The Jiiva-starrer benefits enormously from Selvakumar SK’s remarkable cinematography. With its expanse of misty hills, forests, waterfalls, we get a glimpse into several scenic locations—Varanasi, Kashmir, Kerala—that are a sheer visual delight. Selvakumar’s camera switches between its role as a silent spectator when Gypsy goes about his daily duties and, at the same time, breathtakingly captures the gorgeous locations in all its splendour. On one side, we are shown all of these, but on the other, we are reminded of the unfortunate Hindu-Muslim divide that threatens the social fabric. You can even say the film is a journey of Gypsy’s self-discovery from being an orphaned child to a celebrated musician.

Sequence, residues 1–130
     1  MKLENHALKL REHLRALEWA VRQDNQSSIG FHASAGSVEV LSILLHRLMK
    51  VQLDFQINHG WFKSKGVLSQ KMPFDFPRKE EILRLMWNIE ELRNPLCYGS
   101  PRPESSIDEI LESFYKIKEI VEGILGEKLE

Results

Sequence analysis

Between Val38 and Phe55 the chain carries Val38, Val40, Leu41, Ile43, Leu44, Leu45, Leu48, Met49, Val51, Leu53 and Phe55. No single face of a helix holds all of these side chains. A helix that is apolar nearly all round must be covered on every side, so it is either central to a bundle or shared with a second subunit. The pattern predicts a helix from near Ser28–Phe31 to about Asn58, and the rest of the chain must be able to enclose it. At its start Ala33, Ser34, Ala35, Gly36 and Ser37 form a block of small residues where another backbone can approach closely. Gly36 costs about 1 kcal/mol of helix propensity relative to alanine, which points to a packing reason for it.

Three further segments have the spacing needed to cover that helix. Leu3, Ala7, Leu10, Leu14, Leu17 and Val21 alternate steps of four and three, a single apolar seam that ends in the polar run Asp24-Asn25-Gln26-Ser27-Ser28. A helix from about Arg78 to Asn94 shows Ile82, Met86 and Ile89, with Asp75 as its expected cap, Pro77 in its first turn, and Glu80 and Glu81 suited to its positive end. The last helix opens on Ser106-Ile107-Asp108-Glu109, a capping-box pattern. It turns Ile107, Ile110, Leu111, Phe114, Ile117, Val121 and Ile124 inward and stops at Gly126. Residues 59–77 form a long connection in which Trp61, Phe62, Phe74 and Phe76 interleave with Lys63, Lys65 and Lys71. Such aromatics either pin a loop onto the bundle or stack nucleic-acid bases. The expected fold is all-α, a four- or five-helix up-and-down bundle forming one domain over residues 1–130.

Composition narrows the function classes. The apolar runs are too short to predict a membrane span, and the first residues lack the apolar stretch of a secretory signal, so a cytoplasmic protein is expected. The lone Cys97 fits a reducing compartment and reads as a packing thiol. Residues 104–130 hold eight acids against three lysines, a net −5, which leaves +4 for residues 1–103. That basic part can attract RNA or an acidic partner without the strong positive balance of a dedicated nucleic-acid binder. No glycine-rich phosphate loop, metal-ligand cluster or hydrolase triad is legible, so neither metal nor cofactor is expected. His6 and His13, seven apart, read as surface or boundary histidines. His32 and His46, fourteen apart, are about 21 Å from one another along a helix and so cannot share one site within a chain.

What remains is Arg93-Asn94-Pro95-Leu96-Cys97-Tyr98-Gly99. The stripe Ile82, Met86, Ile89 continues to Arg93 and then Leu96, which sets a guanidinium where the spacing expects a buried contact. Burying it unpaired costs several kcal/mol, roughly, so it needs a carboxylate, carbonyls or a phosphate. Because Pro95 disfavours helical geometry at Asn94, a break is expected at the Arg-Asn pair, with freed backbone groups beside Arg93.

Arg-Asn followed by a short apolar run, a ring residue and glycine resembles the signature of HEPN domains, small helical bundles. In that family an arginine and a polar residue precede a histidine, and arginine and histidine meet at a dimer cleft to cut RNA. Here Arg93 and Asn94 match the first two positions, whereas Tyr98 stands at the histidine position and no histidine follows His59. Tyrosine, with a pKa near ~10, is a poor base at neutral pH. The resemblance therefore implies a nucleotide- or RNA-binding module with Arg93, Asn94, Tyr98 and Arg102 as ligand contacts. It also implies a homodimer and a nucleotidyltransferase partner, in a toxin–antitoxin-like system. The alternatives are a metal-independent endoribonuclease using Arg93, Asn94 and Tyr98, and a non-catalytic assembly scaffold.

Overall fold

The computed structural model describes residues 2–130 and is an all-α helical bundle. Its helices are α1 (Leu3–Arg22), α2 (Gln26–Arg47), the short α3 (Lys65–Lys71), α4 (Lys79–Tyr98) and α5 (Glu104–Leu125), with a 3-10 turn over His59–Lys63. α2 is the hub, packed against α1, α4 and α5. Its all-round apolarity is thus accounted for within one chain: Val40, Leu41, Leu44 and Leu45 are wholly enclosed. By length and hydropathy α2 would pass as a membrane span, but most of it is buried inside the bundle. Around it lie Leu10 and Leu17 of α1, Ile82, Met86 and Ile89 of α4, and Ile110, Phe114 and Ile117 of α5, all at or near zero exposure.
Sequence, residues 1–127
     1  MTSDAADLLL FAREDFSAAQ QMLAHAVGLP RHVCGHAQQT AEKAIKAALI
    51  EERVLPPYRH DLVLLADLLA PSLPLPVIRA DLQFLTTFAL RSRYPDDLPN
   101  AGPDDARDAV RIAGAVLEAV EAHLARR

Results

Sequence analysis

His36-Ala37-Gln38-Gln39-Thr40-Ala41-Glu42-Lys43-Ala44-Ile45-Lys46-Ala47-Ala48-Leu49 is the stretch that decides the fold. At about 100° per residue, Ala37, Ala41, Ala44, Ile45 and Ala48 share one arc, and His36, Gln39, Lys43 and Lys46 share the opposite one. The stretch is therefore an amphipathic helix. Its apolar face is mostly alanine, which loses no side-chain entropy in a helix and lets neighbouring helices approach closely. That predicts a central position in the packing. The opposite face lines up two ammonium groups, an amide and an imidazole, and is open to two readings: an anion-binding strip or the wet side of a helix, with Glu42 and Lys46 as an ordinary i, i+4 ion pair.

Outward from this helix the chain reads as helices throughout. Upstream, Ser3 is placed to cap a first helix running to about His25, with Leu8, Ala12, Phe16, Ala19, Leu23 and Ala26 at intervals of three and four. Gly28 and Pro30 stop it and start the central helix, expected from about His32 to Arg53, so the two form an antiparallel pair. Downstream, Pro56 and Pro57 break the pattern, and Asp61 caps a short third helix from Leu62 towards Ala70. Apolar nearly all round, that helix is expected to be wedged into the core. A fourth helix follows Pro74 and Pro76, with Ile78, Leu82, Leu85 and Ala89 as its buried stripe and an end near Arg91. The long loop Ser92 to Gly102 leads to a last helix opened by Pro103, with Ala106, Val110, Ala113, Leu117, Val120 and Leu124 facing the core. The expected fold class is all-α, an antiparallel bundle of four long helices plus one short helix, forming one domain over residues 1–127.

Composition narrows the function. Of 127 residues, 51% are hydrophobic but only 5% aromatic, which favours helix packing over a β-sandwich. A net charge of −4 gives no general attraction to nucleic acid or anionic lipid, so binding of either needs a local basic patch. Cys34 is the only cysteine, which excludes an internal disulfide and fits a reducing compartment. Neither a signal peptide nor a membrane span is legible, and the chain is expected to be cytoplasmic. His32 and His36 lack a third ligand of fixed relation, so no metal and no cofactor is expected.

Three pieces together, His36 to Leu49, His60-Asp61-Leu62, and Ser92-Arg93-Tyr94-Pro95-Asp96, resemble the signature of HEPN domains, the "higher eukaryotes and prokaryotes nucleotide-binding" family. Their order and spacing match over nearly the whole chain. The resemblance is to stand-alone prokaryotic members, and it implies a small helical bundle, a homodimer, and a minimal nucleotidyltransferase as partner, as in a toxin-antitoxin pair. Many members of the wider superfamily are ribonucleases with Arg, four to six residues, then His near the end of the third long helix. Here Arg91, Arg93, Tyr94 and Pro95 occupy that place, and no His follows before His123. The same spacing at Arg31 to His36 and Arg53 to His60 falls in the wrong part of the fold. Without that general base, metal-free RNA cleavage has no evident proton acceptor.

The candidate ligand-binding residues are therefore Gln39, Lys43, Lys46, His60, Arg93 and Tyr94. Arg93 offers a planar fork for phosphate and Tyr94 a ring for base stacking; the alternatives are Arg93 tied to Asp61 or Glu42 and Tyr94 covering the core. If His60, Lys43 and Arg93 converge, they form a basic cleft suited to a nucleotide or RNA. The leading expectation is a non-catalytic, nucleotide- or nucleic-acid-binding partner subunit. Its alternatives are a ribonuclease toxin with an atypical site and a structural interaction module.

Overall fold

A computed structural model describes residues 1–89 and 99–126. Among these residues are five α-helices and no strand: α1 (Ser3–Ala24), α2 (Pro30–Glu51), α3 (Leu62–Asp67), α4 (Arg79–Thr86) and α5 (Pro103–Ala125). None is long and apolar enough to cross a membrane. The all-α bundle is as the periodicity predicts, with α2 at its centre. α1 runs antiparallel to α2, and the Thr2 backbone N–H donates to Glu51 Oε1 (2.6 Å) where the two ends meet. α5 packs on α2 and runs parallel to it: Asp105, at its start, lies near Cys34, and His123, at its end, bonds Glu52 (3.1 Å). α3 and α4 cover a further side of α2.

Gypsy wants to be “a free bird”, but he is smitten by Waheeda (Natasha Singh). It is love at first sight. Whoever said eyes speak a thousand words was right! Waheeda, despite belonging to a traditional Muslim family, elopes with this guy. Love, they say, has a way of finding itself, right? Love knows no boundaries, and this we have seen in many films. Though each frame has been filmed with a great deal of care to enhance the mood of the story, as a viewer, you aren’t completely convinced by the proceedings. Waheeda and Gypsy barely have conversations, yet, she decides to take a huge leap of marrying him. Gypsy makes her feel safe, and he gives her immense hope. But, you don’t exactly get why Waheeda goes on “one small ride before the epic night.” These two run away, overcoming family opposition, and move into some other place. They hunt for a house. You see a board that reads, “For Vegetarians only” (This cracked me up). This (experience) is new to Gypsy—finding a home—but he enjoys every bit of it. All this while, Gypsy was used to having Che around, but now “the new chapter of his life” demands that he is in the family way.